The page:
PROGRESSIVE GROUP LAUNCHES AD IN FLORIDA SLAMMING SUPREME COURT PICK — People For the American Way launched a TV ad encouraging senators to oppose President Donald Trump’s selection of Judge Neil Gorsuch for the Supreme Court. The spot — which is set to air in a dozen states, including Florida, for one week — is meant to explain why Gorsuch would be unfit to sit on the high court. We’re releasing this ad to shine a spotlight on the threat Judge Gorsuch poses to the America Way,” said Michael Keegan, president of PFAW, in a statement. “We urge Americans across the country to call their senators and make clear that they expect their senators to stand up against Gorsuch, a Supreme Court nominee who prioritizes corporate interests over the constitutional rights that Americans rely on.” Click on the image below to watch the ad.

ENVIRONMENT FLORIDA WANTS BILL NELSON TO REJECT SCOTT PRUITT AS EPA HEAD via Mitch Perry of Florida Politics – Republicans on the Senate Environment and Public Works Committee voted 11-0 to confirm Pruitt, who serves as Oklahoma Attorney General. Democrats on the committee boycotted the vote … advocacy group Environment Florida is calling on the Sunshine State’s two senators to reject his nomination. Marco Rubio already declared his support. Nelson is getting lobbied from both sides to either support or oppose Pruitt. The Florida Democrat pleased liberals by announcing his opposition to Betsy DeVos for Education Secretary.

IN MIAMI BEACH MINIMUM WAGE FIGHT, PHILIP LEVINE TELLS RICK SCOTT ‘I’LL SEE YOU COURT’ via Mitch Perry of Florida Politics – After Miami Beach approved a measure last year raising its minimum wage ordinance, Mayor Levine predicted the state would challenge the proposal in court. Levine said the ordinance violates a state law signed by Scott that forbids such measures … On Wednesday, the state did just that, by signing on to a suit filed in December by three of the state’s largest trade groups challenging Miami Beach on the ordinance. The Florida Retail Federation, Florida Restaurant & Lodging Association and the Florida Chamber of Commerce filed a lawsuit in December challenging the ordinance. They claim it’s a direct violation of a 2013 law signed by the governor forbidding municipalities from assigning their own minimum wage. But attorneys for Miami Beach argue the state law is unconstitutional since voters approved a constitutional amendment in 2004 that allows local governments to set higher minimum wage. As to what Levine is saying to the governor today? “So, to the state, I say, see you in court.”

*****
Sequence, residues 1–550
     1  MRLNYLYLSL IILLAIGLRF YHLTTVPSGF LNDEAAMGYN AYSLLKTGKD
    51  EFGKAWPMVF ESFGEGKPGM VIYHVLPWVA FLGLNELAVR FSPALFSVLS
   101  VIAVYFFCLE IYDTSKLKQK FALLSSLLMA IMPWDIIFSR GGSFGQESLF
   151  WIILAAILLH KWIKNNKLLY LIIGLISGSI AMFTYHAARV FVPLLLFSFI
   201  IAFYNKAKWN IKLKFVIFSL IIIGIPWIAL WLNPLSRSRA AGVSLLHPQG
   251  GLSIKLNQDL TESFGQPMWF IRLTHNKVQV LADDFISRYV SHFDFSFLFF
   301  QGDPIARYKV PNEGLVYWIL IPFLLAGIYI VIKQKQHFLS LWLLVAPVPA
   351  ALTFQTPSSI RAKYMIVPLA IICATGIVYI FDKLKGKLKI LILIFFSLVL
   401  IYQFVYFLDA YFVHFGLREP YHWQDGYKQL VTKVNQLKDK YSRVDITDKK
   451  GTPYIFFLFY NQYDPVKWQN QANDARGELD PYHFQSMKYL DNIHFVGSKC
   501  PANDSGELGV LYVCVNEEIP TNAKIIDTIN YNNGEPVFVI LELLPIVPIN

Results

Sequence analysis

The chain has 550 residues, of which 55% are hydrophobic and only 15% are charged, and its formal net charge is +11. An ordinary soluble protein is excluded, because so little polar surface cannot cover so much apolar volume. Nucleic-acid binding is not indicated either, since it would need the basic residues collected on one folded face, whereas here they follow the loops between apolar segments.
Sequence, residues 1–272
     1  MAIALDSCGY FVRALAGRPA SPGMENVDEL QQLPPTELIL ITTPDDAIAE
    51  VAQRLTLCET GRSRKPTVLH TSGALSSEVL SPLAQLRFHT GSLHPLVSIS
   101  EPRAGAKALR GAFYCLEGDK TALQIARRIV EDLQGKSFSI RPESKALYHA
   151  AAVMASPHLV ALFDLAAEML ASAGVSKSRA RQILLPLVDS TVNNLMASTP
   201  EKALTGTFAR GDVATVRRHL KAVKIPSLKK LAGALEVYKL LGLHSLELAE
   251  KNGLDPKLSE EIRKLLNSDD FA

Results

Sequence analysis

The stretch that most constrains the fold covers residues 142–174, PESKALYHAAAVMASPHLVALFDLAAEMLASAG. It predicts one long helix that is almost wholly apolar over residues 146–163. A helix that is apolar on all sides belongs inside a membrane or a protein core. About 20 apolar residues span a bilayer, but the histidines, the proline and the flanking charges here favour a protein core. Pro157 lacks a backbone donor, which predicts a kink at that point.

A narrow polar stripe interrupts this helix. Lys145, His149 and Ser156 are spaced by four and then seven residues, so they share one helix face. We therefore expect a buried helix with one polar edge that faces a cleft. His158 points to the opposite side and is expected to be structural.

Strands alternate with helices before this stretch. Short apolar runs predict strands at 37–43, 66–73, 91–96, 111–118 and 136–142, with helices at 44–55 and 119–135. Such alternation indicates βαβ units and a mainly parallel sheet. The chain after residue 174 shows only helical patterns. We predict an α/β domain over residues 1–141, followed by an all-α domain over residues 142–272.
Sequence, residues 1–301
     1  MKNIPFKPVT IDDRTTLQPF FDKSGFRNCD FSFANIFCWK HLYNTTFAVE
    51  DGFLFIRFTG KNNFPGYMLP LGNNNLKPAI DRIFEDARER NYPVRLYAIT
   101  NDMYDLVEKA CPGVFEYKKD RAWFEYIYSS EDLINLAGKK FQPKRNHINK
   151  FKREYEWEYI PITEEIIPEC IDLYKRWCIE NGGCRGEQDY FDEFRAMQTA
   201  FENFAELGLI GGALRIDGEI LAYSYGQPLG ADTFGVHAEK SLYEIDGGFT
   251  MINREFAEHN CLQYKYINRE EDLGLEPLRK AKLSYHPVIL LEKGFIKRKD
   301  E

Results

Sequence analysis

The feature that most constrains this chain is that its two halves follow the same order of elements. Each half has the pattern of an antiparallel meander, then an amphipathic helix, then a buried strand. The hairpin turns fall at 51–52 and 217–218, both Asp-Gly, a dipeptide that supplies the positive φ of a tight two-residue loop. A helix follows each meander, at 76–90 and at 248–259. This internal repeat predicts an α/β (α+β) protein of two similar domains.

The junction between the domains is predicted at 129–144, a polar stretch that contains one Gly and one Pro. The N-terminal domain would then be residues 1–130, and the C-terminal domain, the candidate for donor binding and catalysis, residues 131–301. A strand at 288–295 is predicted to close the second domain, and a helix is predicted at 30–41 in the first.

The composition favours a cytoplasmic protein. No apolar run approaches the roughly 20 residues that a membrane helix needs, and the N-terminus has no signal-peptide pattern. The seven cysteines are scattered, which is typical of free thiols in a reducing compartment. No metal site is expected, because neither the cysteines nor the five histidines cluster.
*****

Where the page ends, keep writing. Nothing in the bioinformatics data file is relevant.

SCOTT HEADING TO ARGENTINA FOR TRADE MISSION via The Associated Press – Scott is scheduled to take a five-day trip in late April to Buenos Aires. This is Scott’s 13th trip abroad since he became governor in January 2011. Former Gov. Jeb Bush took 16 trade missions during his eight years in office. Scott has defended the trips as a way to open doors for Florida-based companies seeking business abroad.